So the question we must ask is: How can 13 independent Orthodox jurisdictions—you know them: OCA, Greeks, Antioch, Russians, ROCOR, Serbians, Romanians, Bulgarians, Carpatho-Russians—comprised of national churches dependent—with one exception: OCA—on ecclesiastical centers located thousands of miles away from America and frankly—I say this humbly—many disconnected from the realities or the needs of the Church here in America: how can they possibly develop and implement a cohesive and strategic vision and plan for Orthodoxy in North America in the 21st century?
This leads me to my follow-up question: How can any organization, whether it’s spiritual or temporal, address and solve the pressing challenges and needs of the 21st century without strategic thinking and planning? In our case, without asking where God is leading the Church, what the Church’s strengths, weaknesses, opportunities, and threats are—those of you who’ve done strategic planning know I’m referring to what’s called “SWOT”—and how the Church plans to navigate them.
In fairness, and I need to say this and we’re recording, this question is not being entirely ignored. The patriarchs and the hierarchs of the Church have formed a canonical Assembly of Orthodox bishops of North and South America which met in September of 2013 for the third time, with the mandate that the problem of the Orthodox diaspora be resolved as quickly as possible, and that it be organized in accordance with Orthodox ecclesiology and the canonical tradition and practice of the Orthodox Church. This is on the Assembly’s website. We really should and need to pray for and support our hierarchs in their godly efforts, as they carry a heavy burden and will be accountable, as we all will, but they’ll be accountable on another level than we.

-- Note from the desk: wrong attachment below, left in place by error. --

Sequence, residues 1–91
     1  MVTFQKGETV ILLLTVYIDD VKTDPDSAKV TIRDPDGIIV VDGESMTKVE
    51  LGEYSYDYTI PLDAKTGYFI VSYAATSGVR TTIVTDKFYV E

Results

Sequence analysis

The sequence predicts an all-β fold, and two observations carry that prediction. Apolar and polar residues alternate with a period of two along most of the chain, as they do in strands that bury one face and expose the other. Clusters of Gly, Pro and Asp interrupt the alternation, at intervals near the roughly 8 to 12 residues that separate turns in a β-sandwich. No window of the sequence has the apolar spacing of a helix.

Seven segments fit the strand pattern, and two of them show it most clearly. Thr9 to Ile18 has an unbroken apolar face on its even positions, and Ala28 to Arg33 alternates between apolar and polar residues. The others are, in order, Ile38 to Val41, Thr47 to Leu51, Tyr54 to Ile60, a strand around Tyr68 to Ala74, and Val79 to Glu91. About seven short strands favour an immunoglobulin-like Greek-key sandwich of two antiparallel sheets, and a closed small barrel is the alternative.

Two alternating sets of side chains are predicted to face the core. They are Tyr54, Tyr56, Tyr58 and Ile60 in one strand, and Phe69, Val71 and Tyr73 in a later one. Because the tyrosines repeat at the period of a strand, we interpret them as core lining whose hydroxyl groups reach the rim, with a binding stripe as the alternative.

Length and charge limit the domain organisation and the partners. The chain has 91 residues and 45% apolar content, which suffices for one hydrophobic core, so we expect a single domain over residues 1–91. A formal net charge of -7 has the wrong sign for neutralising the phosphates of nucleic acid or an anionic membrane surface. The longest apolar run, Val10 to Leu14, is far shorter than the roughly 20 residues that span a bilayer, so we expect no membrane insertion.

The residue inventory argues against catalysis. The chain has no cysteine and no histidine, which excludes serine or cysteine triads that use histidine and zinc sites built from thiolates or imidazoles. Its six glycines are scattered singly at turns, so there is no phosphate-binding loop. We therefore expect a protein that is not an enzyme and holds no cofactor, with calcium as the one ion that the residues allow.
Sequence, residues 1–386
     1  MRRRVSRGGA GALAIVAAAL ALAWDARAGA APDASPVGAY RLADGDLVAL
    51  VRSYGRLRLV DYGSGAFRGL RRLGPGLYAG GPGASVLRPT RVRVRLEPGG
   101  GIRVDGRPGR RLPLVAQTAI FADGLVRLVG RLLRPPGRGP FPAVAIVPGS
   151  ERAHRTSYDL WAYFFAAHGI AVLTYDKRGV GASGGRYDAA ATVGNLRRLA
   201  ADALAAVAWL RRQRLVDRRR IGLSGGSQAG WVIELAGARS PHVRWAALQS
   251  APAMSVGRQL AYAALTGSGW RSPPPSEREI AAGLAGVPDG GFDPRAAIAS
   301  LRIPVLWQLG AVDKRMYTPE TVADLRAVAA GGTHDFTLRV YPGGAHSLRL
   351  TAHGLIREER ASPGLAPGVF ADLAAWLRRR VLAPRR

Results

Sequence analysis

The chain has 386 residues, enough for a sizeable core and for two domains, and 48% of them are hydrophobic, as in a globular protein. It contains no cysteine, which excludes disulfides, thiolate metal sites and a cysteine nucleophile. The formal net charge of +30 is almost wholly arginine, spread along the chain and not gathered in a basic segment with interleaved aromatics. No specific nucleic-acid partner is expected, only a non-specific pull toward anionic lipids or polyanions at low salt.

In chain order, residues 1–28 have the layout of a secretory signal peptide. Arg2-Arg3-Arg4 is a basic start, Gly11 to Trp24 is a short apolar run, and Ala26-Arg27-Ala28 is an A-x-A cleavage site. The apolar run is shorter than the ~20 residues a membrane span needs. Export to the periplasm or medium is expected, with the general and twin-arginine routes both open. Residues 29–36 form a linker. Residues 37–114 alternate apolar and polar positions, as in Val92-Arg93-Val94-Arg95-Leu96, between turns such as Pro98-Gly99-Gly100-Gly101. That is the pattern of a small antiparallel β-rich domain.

So am I personally optimistic that there will be a single administrative body of the Orthodox churches in the U.S.? Well, I have to be honest and say that I’m not convinced we’ll see it any time soon for various reasons. You may know the old joke, right? Question: How many Orthodox does it take to change a light bulb? Answer: Change? What’s that? The truth is there are significant challenges to becoming a united Orthodox Church in the U.S. One of them, as His All-Holiness Ecumenical Patriarch Bartholomew recently confirmed in a public statement—he was speaking to the Bulgarians with whom there is some conflict—that there are problems in the relationships between the worldwide Orthodox churches which have and are hindering the process of convening a holy and great Synod, for the gathering of all Orthodox primates to discuss issues of common interest. Without a holy and great Synod, because of the principle of conciliarity which governs Orthodox churches, there can be no resolution to the Orthodox anomaly of jurisdictions in the U.S. and the 12 other areas which are called the diaspora.